I’m probably nit-picking too much, but this style just surprised me and distracted me throughout, and I have never seen it in a nonfiction novel before. Anne is a hard person to write a book on though, and I can understand that this style is ‘bringing history alive’ and makes it easier to tell her life story. Though I guess this book isn’t really aimed for me in the first place. This book is great for an introduction into Anne’s life, and covers her whole life and the legacy she left behind. Her death scenes in particular were very emotional
This is certainly not a bad book, just one that wasn’t meant for me, but one I’m glad still exists and is helping introduce people to Anne.
1984 by George Orwell: 4 Stars
I’m so glad I can finally say I’ve read this book. As an English student, there’s so many books that you think you ought to have to read, and this was one that has been on the list for ages. Sometimes with these books, they turn out to be dull, too long or just not very good. Thankfully this was not the case with 1984, which lived up to the hype. It’s also seen a recent surge in sales, mainly after Trump became President, and it’s telling that Orwell’s story still holds so much power and resonance today.
It’s not a particularly cheerful read, and leaves you with feelings of dread and horror at what society could still become, but hey we’re not short of that at the moment anyway.
People are quick to make comparisons with this novel and today’s political events, and sure, some of these might be an overreaction but others are chilling. History is continually being altered in Orwell’s dystopia, with the regime changing the past to suit their own agenda, erasing the truth and arresting anyone that would suggest otherwise. This doesn’t feel that far off in a world where “fake news” and “alternative facts” are being thrown around.
It’s clear to see everyone is encouraged to read this book, and I’m so glad I finally did, a worthwhile read.
Fates and Furies by Lauren Groff: 3.5 Stars
Another second-hand bookshop find, I picked this book before I went back to visit my house at university, and wanted a good fiction book to read on my train journeys. Fates and Furies follows the marriage between Lotto and Mathilde, and here is a basic synopsis:
“Fates is handsome, charismatic Lotto’s story, in which he tells of the electric beginning and building of his 24-year marriage to Mathilde; Furies is his wife’s version, which cleverly undercuts Lotto’s knowledge and memory of events, and shows her orchestration and manipulation of their life together – as well as how she has maintained her secrets within it.”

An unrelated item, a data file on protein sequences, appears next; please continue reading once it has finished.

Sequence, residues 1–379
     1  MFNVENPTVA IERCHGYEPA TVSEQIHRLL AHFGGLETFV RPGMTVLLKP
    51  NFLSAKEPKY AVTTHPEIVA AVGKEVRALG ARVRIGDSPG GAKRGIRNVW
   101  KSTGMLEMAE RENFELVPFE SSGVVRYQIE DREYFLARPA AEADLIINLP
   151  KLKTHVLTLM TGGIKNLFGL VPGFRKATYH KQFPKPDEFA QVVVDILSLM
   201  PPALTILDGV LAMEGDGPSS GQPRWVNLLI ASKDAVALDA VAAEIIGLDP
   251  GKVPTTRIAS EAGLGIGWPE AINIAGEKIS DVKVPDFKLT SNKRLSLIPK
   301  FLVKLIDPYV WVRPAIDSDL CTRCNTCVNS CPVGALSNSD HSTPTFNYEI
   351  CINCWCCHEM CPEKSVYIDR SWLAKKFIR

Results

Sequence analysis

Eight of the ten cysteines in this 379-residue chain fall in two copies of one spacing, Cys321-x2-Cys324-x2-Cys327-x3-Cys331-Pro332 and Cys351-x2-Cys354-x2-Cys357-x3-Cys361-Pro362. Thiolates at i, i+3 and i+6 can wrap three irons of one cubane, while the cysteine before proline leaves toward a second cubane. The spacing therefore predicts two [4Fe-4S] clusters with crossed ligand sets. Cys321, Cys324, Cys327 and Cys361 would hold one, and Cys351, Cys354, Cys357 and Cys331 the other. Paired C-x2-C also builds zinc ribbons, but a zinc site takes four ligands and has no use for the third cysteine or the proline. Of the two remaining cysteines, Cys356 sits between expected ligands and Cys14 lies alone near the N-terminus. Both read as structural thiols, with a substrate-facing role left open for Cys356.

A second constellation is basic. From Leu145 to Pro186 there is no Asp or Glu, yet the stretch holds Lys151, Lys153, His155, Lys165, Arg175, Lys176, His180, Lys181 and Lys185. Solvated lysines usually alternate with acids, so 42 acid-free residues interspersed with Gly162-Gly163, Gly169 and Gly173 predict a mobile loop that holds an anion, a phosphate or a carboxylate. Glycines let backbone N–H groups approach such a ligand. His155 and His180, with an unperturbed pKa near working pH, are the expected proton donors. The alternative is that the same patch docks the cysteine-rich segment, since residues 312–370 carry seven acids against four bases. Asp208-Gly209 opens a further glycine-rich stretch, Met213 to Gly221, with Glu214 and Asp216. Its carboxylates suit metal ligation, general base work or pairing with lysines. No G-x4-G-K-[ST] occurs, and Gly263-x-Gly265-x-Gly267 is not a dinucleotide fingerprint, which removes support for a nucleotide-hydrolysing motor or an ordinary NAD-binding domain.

It has drawn comparisons to Gone Girl, for its detailed exploration of marriage in both perspectives, though I preferred Gone Girl more. Though this book had absolutely beautiful writing which made it worth reading, and compelling throughout. The writing was brilliant, but the plot for me grew weaker as the novel went on. The first half, ‘Fates’ from Lotto’s perspective was engaging, and showcased the entirety of his and Mathilde’s marriage, as well as Lotto’s own upbringing. I was really looking forward to ‘Furies’ looking at Mathilde’s side of the story, but that’s when I almost gave up on the book. It was interesting in parts, but parts of Mathilde’s backstory were too ridiculous and I ended up feeling no connection to the main two characters, and by that point I thought the book had dragged on for too long. It’s sad because there were some wonderful moments, but the second half dragged it down for me.
The Tenant of Wildfell Hall by Anne Brontë: 5 Stars
This was a second reading of this book for my dissertation, and while I loved reading it a second time around I want to a post focused on the novel itself at some point so I’m going to hold off doing a review here. (Yeah sorry, this blog is only going to increase with its Anne Brontë content.
Also this month I’ve bought/been given:
Daddy’s Gone A-Hunting by Penelope Mortimer
Bought from the utterly wonderful Persephone Books in London, a bookshop that is dedicated to publishing now unpublished 20th century women writers.
Swing Time by Zadie Smith
Zadie Smith is becoming one of my favourite authors this past year, and I was luxky enough to be given her latest novel as a birthday present this week, and I’m so looking forward to reading it.
Alias Grace by Margaret Atwood
On my birthday, I explored Foyles bookshop in London (Seriously that place is heaven and I want to live there) and I managed to restrain myself and buy one book. Alias Grace is the latest Margaret Atwood novel to be getting a TV adaptation, with Netflix releasing all the episodes in November. I want to hopefully read the novel before it’s released.
Hopefully have another post up very soon this week!